Perkins suggested that Wyoming partner with like-minded states to streamline regulation, like professional licensing is handled now.

“I believe one of the problems that we have in Wyoming is just simply the lack or sparseness of population,” he said. 

Banding with other states would help create a sizable population for companies interested in the sandbox concept.

Other states around Wyoming are interested, he added.

He’s already talked with Gov. Doug Burgum in North Dakota, the chief of staff and director of Utah’s Office of Regulatory Relief and Nebraska’s chief of staff.

“They have been interested in doing this,” Perkins said. “I believe that if we went down and found, particularly in kind of the Rocky Mountain, in the Western states, that we could accumulate a population of 20 to 40 million people in states that would do this.”

That population would make Wyoming’s sandbox more appealing and more economically feasible, Perkins suggested.

Go Bigger Than The Box

Driskill, meanwhile, encouraged lawmakers to err on the side of being too broad, pointing out the Legislature can always come back later to tighten things up.

“Let’s really try to look hard on how do we get people coming to the state,” he said. “It’s not climate. It’s not money. When you look at it all the way around Wyoming, on every state that surrounds us, they’re doing better to attract business than we are. To me, that’s what led me to look at a regulatory task force and a couple of other things is when someone’s doing better than you.”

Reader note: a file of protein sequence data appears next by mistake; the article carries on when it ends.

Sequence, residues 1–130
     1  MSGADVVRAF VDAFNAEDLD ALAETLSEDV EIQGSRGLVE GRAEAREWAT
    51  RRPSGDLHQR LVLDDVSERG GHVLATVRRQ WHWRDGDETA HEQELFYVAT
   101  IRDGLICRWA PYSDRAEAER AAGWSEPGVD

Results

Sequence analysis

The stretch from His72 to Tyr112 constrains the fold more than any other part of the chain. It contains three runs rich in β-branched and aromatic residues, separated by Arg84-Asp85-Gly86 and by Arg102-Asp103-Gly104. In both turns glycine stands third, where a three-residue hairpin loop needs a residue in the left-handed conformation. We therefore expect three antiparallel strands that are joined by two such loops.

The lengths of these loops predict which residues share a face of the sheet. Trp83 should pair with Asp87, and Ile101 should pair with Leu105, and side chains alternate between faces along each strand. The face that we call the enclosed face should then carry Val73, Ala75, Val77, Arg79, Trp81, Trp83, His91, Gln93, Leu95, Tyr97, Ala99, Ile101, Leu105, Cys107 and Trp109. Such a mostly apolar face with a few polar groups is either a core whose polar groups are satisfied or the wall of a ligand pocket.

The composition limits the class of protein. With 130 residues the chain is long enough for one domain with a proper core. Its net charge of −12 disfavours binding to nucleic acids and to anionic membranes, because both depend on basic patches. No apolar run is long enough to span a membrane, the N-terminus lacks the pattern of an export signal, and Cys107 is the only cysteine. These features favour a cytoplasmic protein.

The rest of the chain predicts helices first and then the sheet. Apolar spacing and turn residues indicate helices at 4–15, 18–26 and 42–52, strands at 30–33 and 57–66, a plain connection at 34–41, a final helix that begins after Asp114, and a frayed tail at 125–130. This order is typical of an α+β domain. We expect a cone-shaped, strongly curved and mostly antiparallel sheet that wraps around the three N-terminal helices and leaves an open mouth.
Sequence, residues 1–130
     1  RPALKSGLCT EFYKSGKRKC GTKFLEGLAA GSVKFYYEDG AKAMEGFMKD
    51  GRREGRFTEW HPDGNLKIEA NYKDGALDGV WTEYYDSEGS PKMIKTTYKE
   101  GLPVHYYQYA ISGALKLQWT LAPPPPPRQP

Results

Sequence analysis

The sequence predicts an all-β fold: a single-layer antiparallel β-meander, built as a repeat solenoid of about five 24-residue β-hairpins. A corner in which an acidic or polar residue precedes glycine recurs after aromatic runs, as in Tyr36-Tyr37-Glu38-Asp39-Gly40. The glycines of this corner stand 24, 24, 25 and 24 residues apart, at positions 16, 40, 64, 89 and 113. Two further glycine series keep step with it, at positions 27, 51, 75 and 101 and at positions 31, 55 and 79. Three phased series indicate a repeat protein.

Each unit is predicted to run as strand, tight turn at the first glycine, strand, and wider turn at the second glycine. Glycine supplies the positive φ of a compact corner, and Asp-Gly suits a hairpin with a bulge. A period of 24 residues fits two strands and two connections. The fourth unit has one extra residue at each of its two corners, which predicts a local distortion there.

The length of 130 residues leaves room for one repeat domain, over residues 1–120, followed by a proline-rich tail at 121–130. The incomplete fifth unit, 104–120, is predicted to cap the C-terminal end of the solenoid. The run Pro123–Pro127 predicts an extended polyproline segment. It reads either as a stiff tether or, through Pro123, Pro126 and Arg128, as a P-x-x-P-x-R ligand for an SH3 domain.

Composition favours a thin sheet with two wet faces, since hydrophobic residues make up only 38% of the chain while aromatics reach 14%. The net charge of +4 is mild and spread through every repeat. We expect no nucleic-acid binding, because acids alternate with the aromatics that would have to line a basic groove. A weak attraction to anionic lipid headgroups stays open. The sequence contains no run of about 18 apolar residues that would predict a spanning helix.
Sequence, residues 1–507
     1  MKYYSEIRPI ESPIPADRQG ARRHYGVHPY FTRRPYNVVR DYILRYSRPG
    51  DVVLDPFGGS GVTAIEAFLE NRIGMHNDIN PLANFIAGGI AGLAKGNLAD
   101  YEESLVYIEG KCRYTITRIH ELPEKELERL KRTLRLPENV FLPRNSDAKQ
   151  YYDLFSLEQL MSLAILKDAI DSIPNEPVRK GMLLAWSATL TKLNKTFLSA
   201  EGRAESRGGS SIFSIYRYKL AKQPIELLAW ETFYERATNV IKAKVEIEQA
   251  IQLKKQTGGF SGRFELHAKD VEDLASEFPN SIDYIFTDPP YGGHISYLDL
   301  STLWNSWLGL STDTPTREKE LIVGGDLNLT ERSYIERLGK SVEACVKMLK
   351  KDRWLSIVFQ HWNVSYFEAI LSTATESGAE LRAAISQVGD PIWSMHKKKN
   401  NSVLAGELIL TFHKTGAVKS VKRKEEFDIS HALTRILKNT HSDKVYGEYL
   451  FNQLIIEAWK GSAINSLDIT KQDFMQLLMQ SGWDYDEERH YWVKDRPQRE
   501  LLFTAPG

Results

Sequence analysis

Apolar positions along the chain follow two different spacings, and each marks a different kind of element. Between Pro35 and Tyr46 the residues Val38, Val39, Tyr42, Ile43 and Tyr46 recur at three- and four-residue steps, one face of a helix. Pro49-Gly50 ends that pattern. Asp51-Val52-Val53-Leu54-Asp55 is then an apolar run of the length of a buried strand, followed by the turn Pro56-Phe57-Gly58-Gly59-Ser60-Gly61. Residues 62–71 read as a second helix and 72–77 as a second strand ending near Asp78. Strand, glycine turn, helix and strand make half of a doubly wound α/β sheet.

The sandbox, Driskill added, won’t be a vehicle for criminals to dodge sensible rules and regulations. 

“This is about making (regulations) good,” Driskill said.

It will allow Wyoming lawmakers and officials to really scrutinize which regulations are needed and which are just burdensome.

“I think you guys can help really make that happen,” Driskill said. 

The Fairness Issue

Fairness was an element that particularly concerned Sen. Cale Case, R-Lander, who is co-chairman of the Corporations, Elections & Political Subdivisions Committee.

“If we have economic development activity and we change and we provide funding for businesses over other businesses, we’d say that’s not fair,” he said. “That’s choosing winners and losers. That’s helping one competitor do better than some other.”

With a regulatory sandbox, the unfair advantage might not be money, but easier regulatory burdens can be a big edge. 

“Maybe it’s a new type of business and there’s nothing comparable, but there seems to be a fairness issue,” Case said.

Perkins said the key is that the relief is temporary, and it’s for demonstrating an innovative idea and examining whether a particular regulation is really needed at all. 

“(Fairness) is an important consideration,” he said. “I think it’s incumbent in both the rule-making as well as the drafting of the legislation to make sure that you’re always talking about innovation. And ultimately, keep in mind that if the innovation is successful, that may benefit existing people as well. Because that innovation can then take root across the agency.”

Regulatory relief also would not include protection from consumer liability, nor from criminal prosecution for fraudulent behavior, Perkins added. Companies would be required to make appropriate disclosures to their consumers as well.

“The disclosure requirements are usually steep and significant,” Perkins said. “So that customers in the sandboxes of these offerings know what they’re getting, to know that there are additional risks involved.”

In a perfect world, the regulatory sandbox will also highlight any laws that are stifling innovation while not providing substantial consumer protection. 

To that end, Perkins suggested part of the effort ought to include a website that invites people to comment on regulations they find burdensome or overly expensive.

Contact Renée Jean at Renee@CowboyStateDaily.com

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Renée Jean

Business and Tourism Reporter